The sauce should be slightly thick. Serve with some plain steamed rice. Enjoy :)

08 June 2009

Eggs Benedict

Its a public holiday in Sydney today. Which means.. A) We get to sleep in... and.. B) I actually get to spend sometime in the kitchen (on a weekday) to make some breakfast brunch.

I had quite a bit of sauce left over from the eggs florentine recipe I made yesterday afternoon. Since I don't want to let it go to waste, I wanted to make brunch with the leftover sauce. So I went for the next closest thing... Eggs Benedict. But substituting the traditional Hollandaise sauce with the mornay sauce I had left over. Is it still called Eggs Benedict if you don't have it with Hollandaise sauce ?! Not too sure about that one. Anyone ?

Anyways, here's the recipe for my non-so-traditional take on eggs benedict.

Eggs Benedict a La Astrogirl
(with spanich & béchamel mornay sauce)

  • 2 tablespoon white wine vinegar
  • 1 teaspoon of salt
  • 4 large free range eggs
  • 2 large pieces of lightly buttered bread (toasted)
  • 4 slices of bacon
  • 1 batch of warm mornay sauce (originally hollandaise sauce)
  • 1 bunch of boiled spinach (optional - i had some leftover from yesterday)

  1. Bring a medium-size pan with water (about 3 inches) to the boil and add the vinegar & salt. Break the eggs into separate small bowls.
  2. Gently slide in the eggs from the bowl into the water. Place a lid on top of the pan and turn the heat off. Leave lid on for about 2-3 minutes. The eggs will set into a neat round shape. Remove with a slotted spoon. Hold the spoon above the pan for a couple of seconds to let any water clinging to the egg drain off.

  3. Butter the toast, place two slices of bacon on top, add boiled spinach, then top with two eggs. Spoon over the remaining sauce and serve at once.

07 June 2009

Oeufs Mollets Florentine

While googling around for a eggs florentine recipe online to make for brunch today, I stumbled across this.. It was basically a soft-boiled eggs florentine. Or an eggs benedict but with spinach instead of ham.

The recipe calls for a Bechamel cross Mornay sauce with Spinach and Soft-boiled eggs to about 5 mins topped with breadcrumbs then finished off under a hot grill in the oven.

The recipe looked rather complicated for the desired output... hey.. its just eggs with spinach !! e.g. For the spinach alone, it asks for it to be boiled, drained, cooled, squeezed, and then sautéed.. **ahem... ???!?!?

After reading through the recipe, the key to success was about timing and getting the eggs right. Remember.. soft-boiled eyes.. not hard boiled eggs.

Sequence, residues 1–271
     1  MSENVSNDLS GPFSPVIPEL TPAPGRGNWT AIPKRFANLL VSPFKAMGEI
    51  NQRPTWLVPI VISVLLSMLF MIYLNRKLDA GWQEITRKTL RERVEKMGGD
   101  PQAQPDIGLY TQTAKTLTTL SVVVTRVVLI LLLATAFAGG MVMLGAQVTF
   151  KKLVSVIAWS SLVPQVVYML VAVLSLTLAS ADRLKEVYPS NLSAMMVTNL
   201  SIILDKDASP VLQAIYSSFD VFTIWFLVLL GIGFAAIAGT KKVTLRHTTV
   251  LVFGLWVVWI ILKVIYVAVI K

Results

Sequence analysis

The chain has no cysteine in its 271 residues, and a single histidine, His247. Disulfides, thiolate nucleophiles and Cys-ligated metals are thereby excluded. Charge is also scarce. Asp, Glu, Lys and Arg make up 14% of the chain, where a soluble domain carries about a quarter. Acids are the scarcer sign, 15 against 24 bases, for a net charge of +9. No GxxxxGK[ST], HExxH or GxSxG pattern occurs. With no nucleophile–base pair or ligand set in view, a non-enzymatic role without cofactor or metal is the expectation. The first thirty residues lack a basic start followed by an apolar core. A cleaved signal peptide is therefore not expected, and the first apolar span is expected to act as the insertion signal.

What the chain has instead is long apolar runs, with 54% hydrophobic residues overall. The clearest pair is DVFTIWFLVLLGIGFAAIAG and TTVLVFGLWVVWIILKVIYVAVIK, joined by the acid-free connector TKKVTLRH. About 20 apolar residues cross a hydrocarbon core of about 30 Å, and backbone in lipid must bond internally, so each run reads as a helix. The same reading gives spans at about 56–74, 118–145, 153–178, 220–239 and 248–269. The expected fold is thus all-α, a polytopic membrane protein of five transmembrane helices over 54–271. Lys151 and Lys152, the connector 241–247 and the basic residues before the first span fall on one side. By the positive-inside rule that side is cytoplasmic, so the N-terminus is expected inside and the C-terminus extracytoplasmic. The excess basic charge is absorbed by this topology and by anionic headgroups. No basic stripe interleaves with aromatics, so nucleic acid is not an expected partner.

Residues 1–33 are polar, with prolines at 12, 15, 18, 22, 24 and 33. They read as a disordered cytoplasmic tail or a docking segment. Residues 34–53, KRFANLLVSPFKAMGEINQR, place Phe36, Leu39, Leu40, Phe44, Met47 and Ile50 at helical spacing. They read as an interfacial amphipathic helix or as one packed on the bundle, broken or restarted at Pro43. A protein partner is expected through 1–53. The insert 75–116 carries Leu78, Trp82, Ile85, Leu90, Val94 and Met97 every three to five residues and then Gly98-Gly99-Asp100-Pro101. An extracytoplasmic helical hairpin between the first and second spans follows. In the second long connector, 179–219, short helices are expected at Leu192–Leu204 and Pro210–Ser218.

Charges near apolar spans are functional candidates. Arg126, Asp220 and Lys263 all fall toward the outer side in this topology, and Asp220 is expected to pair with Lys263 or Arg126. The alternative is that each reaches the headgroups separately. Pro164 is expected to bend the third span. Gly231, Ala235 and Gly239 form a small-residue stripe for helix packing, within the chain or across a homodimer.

This is the order I found it easier to tackle this recipe:
  1. Spinach: Boil water in saucepan, add spinach and let boil for about 1 min. Drain and squeeze out excess water. Season with a sprinkle of salt. (I went for the boiled only option).

  2. Butter the gratin dish

  3. Bring water to boil in saucepan: just use the saucepan you boiled the spinach in.

  4. Sauce: make a roux, add milk, salt, pepper, nutmeg & djion mustard. Then cream & egg yoke. Then lastly the cheese.

  5. Slowly drop eggs into simmering water: keep eggs in slow boiling water on a medium-heat for 5 mins. Remove from heat. Run eggs through cold tap water. Peel.

  6. Assemble gratin dish: Place spinach, then eggs, then pour sauce on top. Sprinkle with breadcrumbs and some cheese. Dot with some butter and place under a hot grill for about 3 mins. Or until cheese has melted.

Oeufs Mollets Florentine
Adapted from Whisk: a food blog


  • 3 eggs (or about 2 eggs per person)
  • Salt
  • 2 bunches of spinach (or use 1 bunch per person)

Mornay sauce:

  • 1 tablespoon unsalted butter
  • 2 tablespoons flour
  • 1 cup cold milk
  • Salt & Pepper to taste
  • 1/8 teaspoon nutmeg
  • 1 teaspoon of dijon mustard (my addition - original recipe doesn't call for this)
  • 1 egg yolk
  • 1/3 cup heavy cream
  • 1/3 cup of cheese (grated)


  • butter for dotting
  • cheese (grated)
  • Breadcrumbs

Serve with some hot toast. Enjoy :)

01 June 2009

Molten Chocolate Baby Cakes

The thing I've made most often with my muffin baking tray is not muffins. Its these Molten chocolate baby cakes. This recipe is from Nigella's book - How to be a domestic goddess and can also be found on her website here. These baby cakes are really easy to make and they taste .... well... like rich molten chocolate. :)

Molten Chocolate Baby Cakes
Originated from Nigella Lawson's recipe
  • 6 individual pudding moulds, buttered (I used a muffin tray)
  • baking parchment
  • 50g soft unsalted butter (plus more for greasing)
  • 350g best dark chocolate (I used 70% dark Lindt Chocolate)
  • 150g white sugar
  • 4 large eggs, beaten with a pinch of salt
  • 1 teaspoon vanilla extract
  • 50g plain flour

Preheat the oven to 200C.

Butter the muffin tray and trace the bottom of the muffin tray onto the parchment and cut out the circles and press into the bottom of the buttered moulds.

Melt the chocolate in a bowl over a saucepan of simmering water. Set aside and let it cool slightly.

Beat the sugar and butter together, until its gone lighter in colour. Gradually beat in the eggs and salt, then add the vanilla and then the flour.

Gradually fold in the chocolate until its all combined. Divide the batter between the 6 moulds and place in oven for about 10 mins. As soon as you take them out of the oven, run a knife around the outsides of the cakes, then tip out the babycakes and place into small plates or shallow bowls. Best served with vanilla ice cream and a cup of hot tea.

These babycakes can be made in advanced and the batter kept in the fridge. If you are making these in advance and using cold batter, leave in the oven for an extra 2 mins. Enjoy :)